My early education taught me what to think. In high school, I learned how to think. In college, I learned not to think at all.
Picture this: someone publishes an op-ed that makes you grind your teeth and create a sizzling jab ready to launch, because you must stand up for justice, which is here defined as whatever your parents or religious education told you was right or wrong. If a peer questions a deep-set tradition you hold, you must dismiss him as seeking to cause trouble in a perfectly good system. And if a friend adopts a political association you despise, she is no longer your friend. If someone tells you that Christianity holds an incorrect position, you must instinctively regurgitate whichever Bible verse or tenet you were told to use if someone is rude enough to challenge your beliefs.
These are all examples of how we have devolved into a society of rapid-fire responses driven by emotion, vitriol, and intolerance. We have developed a hypersensitivity to anything we disagree with. Test yourself to see if you have strong reactions to any of the following names: Nancy Pelosi, Ted Cruz, George W. Bush, Hillary Clinton, Alexandria Ocasio-Cortez, Donald Trump, Joe Manchin. I will be the first to admit that I am guilty of the effects of polarization. But just one word and three letters that can help remind us that the persons evoking negative emotions or responses are human beings, that their lives are just as valuable as our own, and that we are no better than they. The word is “hesitation,” and the letters are “I-H-D.”
Hesitation is the antidote to our immediate, almost instinctive need to react to another’s opinion. Ted Gup speaks of the wonders of hesitation and of the importance of being open to having your beliefs questioned and your opinions changed: “In the company of the confident, I had always envied their certainty…But in time, I came to [embrace] my confusion, and to recognize it as a friend and ally.” Hesitation and uncertainty can be unlikely hotbeds for forging new depths of understanding in a tumultuous world. They often place us in an uncomfortable minority, yes, but they invite us to an important task: to mend the frayed bonds of a disintegrating common ground. In practice, how might we do this? Before we pass judgment or make a decision, we can ask questions such as: How will this affect others, especially those at the periphery of society? Is this issue anchored in the present cultural context? Are we biased due to our own advantages? Can we identify an entry point with humility? We can ask these questions at all levels: personal, institutional, and operational. This is where integral human development comes in.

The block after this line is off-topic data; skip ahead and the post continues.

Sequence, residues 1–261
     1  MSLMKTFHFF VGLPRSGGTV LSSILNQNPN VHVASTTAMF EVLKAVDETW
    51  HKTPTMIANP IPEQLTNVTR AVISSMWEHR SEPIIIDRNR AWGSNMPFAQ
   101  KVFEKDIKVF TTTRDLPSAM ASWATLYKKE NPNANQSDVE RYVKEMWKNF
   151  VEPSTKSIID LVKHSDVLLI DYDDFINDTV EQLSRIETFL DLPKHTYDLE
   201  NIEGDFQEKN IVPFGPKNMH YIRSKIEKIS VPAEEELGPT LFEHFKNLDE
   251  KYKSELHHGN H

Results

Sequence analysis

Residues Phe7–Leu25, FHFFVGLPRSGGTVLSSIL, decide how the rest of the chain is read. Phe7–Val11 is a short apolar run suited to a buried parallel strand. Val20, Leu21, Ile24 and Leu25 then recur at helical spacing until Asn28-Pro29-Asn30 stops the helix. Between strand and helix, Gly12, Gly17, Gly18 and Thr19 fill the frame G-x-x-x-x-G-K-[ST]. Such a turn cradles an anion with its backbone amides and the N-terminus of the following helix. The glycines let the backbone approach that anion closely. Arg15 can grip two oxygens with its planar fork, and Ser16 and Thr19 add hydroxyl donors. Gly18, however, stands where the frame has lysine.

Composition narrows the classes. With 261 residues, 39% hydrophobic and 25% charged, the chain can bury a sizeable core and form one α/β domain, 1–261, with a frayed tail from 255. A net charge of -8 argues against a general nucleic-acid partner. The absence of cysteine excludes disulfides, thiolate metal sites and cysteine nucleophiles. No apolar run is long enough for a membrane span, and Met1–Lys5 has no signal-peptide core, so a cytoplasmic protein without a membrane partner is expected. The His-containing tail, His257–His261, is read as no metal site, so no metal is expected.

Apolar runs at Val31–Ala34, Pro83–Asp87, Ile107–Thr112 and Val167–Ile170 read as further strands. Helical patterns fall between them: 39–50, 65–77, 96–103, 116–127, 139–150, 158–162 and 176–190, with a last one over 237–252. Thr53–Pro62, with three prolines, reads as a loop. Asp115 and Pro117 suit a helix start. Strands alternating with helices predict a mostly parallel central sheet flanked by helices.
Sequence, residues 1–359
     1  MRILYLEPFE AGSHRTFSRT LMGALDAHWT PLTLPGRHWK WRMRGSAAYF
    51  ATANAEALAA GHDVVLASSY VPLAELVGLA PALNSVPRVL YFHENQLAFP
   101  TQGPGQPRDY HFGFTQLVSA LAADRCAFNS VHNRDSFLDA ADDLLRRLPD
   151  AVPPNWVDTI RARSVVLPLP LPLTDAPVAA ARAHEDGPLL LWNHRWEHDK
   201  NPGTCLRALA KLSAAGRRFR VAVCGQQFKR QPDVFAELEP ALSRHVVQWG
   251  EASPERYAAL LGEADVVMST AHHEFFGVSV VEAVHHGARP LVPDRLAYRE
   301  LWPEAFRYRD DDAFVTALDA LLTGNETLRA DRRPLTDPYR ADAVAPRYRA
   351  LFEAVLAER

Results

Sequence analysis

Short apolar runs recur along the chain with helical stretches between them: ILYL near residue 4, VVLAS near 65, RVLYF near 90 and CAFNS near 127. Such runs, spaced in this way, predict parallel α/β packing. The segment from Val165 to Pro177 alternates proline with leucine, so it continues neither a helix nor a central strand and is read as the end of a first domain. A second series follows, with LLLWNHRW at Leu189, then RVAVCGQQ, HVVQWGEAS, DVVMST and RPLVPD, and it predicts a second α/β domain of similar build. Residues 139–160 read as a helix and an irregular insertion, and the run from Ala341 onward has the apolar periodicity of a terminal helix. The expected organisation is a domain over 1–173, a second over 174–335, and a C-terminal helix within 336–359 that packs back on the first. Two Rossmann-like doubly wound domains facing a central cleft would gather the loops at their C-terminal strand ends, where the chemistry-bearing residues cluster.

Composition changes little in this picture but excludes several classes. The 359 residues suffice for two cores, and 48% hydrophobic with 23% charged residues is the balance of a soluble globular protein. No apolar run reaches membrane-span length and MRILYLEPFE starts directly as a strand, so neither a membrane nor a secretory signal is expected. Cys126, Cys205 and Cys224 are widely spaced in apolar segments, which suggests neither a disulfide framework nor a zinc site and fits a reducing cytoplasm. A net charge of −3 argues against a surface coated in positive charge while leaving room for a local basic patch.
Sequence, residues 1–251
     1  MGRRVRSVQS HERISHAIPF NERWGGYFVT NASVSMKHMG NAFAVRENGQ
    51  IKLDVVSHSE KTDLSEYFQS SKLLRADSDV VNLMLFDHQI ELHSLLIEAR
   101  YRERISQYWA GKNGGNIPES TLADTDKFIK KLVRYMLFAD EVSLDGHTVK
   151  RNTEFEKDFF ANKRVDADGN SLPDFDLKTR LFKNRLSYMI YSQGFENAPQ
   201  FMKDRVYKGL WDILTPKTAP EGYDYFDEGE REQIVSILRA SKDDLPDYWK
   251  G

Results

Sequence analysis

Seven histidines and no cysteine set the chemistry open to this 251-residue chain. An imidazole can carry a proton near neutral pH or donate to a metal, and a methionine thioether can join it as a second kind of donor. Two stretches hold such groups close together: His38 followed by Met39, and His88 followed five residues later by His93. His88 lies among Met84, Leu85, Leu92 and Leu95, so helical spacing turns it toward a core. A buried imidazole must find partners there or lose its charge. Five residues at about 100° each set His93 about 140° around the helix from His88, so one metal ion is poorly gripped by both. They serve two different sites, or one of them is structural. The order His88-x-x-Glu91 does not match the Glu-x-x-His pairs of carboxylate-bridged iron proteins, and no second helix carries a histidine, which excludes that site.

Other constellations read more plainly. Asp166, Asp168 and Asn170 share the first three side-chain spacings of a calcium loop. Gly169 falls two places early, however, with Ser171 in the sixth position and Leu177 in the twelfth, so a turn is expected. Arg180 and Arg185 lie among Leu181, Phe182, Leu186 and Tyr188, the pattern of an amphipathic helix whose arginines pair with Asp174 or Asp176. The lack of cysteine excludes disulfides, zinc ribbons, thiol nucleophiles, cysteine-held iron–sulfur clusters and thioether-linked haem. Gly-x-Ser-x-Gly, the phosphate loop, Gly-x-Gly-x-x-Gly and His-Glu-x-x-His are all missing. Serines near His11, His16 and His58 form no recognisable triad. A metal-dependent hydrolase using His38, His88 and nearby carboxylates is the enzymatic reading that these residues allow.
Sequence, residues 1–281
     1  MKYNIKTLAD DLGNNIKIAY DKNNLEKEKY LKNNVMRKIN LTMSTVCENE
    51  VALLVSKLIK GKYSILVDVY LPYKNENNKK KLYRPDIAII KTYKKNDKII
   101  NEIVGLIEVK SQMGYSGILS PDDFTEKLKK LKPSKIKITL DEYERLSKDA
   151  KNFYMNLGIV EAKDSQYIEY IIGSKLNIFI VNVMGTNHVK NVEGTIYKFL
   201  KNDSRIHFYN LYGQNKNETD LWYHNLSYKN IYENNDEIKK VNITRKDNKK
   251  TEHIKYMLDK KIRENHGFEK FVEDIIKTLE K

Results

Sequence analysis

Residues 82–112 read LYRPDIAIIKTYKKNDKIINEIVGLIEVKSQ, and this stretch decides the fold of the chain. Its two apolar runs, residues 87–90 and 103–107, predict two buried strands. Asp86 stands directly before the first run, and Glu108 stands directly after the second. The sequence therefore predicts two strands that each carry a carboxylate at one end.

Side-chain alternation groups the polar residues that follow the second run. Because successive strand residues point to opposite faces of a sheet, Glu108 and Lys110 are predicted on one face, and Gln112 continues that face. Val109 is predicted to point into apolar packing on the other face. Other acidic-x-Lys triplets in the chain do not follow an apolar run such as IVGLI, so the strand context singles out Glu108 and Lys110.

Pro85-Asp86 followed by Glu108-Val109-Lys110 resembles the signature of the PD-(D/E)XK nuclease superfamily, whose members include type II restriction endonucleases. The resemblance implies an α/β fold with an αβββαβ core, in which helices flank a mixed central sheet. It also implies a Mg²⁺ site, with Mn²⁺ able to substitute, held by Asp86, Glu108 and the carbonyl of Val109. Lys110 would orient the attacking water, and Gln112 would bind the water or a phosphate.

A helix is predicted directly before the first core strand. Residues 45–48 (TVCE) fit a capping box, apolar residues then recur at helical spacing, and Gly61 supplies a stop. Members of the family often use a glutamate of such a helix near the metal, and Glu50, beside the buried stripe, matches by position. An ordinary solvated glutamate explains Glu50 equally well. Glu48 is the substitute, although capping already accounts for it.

Integral Human Development (IHD) involves the “development of the whole person and each person.” It is concerned with the processes through which people pursue a good life and human flourishing. In order for someone to “flourish,” he must be enabled to reach his maximum potential. The key word here is enabled: societies cannot be expected to lift people up by their bootstraps who do not want to be lifted up. A government or a community cannot (and should not) do everything for us. However, a just government is one that seeks to remove barriers that prevent people from flourishing. Similarly, a just individual is one who avoids thoughtlessness, indifference to others’ sensitivities, and blindness to social and cultural contexts.
We need just institutions to govern, and they must recognize that the human person has inherent dignity and is capable of exercising agency. We also need just individuals who are willing to listen to criticism and see equal dignity in one another. There is an implication here: we must collectively uphold individual dignity, especially through the institutions we build and support. If we choose to open a clinic, is it good enough that we would send our own mother to it when she is sick? If we support companies who pollute the environment, would we drink the water that the organization’s nearby neighbors must consume? Agency brings about risk and responsibility. If we accept an authentic commitment to human dignity, we accept that commitment for everyone—even the most vulnerable. IHD instructs that we must not leave anyone behind.
IHD is intimately connected to the community and to the flourishing of each of its members. When we invest in the health of our communities, we realize our own mutual dependence. Even if we have one good, we will need another. And without institutional support, we would not have received an education. We are individuals, but we are also interdependent and interconnected. In sum, we depend on the stability of our political structures and on the value of freedom.
We must strive to reach the point where we prefer to listen rather than speak. We need to hesitate—to think twice before we make a decision and consider whether our beliefs and actions are in accordance with integral human development. If we can do that, and if we truly respect the dignity of each person and the whole person, we will find friends in unlikely places, truth in unwelcome circumstance, and kinship in times of darkness.